Dr. Beth

Reading to Your Children

When is a good time to start reading to your children? The answer is, as soon as you can! Babies in utero can hear the outside world starting at 4-5 months, so you can start reading aloud to your baby before he and/or she is even born. Reading aloud to your children is one of the best things you can do to promote language development and to encourage a love of reading. This can prime them for future school success. You also don’t have to stop reading with or to your child once they learn to read by themselves. Reading together can be a lifetime joy.

Reading to your young child (age 0-4) fosters their understanding of language. It provides and introduces them to new vocabulary words. It enhances their speech and language production. Children this age also love to hear the same stories again and again, then to “read” it themselves from memory. This is great practice! Plus, reading to your child is a great bonding time together.

Reading with your preschooler can be a great avenue into their own world of reading. Furthermore, it can enhance problem-solving skills, listening skills, and foster attention span. As you read, move beyond the words on the page to point out the pictures, ask questions, have your child predict what will happen next, etc. These are all great pre-reading skills to foster. Additionally, children at this age are learning “concepts about print”: how we read left to right, how you hold a book right side up, how you turn pages as you read. These skills are important pre-reading skills.

As children start school they will be learning to read themselves, if they haven’t started reading on their own already. Reading aloud to them continues to model reading expression and fluency and encourages them in their own reading attempts. One thing to incorporate at this stage is “fingerpoint reading” – pointing to each word as you read. This “points” out for the child that each word is a unique entity. (Studies done at UC Davis by Linnea Ehri have indicated that fingerpoint reading actually helps children move into independent reading).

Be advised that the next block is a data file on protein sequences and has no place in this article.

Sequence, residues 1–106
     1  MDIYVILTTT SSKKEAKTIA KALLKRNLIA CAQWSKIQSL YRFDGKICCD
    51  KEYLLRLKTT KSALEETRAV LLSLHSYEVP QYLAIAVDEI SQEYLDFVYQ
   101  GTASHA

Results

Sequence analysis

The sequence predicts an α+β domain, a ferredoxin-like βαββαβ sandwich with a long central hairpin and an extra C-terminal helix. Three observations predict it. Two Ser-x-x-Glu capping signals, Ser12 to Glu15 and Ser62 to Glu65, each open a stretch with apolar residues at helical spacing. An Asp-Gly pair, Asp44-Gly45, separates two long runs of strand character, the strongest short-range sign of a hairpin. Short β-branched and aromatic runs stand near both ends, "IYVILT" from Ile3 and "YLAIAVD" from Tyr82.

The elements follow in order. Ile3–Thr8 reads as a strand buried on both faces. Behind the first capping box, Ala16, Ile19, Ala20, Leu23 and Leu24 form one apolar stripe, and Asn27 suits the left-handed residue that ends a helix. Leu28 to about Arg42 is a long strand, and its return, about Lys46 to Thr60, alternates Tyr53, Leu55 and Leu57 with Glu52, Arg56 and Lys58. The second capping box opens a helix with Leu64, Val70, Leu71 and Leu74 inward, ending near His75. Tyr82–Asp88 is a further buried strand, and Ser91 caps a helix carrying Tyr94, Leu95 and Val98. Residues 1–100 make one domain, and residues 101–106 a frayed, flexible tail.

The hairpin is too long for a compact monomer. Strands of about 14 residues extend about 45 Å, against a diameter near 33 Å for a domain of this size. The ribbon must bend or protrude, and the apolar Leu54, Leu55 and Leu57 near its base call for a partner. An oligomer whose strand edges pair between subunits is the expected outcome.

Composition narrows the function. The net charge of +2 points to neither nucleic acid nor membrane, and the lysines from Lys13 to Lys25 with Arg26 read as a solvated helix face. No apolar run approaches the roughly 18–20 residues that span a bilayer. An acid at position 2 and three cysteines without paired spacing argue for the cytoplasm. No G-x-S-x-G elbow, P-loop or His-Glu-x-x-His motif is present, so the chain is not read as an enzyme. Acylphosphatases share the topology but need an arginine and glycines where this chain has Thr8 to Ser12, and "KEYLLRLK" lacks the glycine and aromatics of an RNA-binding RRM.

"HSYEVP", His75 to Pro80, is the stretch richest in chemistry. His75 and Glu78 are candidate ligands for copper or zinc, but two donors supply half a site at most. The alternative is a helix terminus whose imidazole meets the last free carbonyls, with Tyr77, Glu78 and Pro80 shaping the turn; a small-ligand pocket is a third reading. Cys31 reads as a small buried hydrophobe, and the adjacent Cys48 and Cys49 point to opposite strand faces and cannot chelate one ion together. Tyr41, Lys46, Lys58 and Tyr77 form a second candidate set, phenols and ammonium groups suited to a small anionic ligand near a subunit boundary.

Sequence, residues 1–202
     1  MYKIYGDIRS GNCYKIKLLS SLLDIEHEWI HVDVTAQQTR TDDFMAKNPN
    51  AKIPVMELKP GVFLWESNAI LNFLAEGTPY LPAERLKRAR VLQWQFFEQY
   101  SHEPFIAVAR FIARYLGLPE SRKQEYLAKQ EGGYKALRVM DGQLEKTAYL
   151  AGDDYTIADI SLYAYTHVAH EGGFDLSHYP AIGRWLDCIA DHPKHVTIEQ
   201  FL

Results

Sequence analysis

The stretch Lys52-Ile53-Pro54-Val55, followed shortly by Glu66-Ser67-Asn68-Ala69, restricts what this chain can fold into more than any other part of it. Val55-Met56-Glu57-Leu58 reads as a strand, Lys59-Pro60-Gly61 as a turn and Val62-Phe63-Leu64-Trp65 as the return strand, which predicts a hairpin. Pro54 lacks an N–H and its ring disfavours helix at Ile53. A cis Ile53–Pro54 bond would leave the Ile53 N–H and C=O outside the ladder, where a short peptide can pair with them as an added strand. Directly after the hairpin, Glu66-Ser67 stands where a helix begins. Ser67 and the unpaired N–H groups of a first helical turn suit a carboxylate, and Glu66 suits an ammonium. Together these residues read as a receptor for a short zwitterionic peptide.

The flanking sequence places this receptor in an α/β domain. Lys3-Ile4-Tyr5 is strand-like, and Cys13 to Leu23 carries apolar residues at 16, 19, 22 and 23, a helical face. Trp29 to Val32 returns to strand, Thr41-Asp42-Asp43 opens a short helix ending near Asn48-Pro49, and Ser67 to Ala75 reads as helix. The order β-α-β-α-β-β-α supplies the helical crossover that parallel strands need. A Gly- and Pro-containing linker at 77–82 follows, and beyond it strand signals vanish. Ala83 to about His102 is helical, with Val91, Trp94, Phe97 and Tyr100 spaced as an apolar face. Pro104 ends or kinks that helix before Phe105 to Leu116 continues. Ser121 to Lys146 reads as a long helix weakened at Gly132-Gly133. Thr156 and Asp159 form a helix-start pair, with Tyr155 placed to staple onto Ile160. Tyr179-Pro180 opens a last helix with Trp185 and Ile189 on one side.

As children begin to read on their own, many parents feel they should no longer be the readers, but the audience. While it is wonderful, and often necessary, to listen and support your child as they learn to read, this doesn’t mean that reading to them has to stop. Beginning readers often want to read or hear books that are far above their reading levels (the “Harry Potter” books are a good example). This is a great time to select a challenging book that they are interested in but cannot read on their own. As you read to them, you will be continuing to foster their reading and language skills.

So while there is no magic age at which one should start reading to his or her children, there also is no magic age at which to stop. Sharing books aloud can continue into adulthood! Developing a love of reading and literature is a lifelong gift that you can give your children.

Published September 21, 2004 by:

Dr. Beth
Dr. Beth is an educator and has a PhD in developmental and educational psychology. She lives with her husband and two children near Boston.
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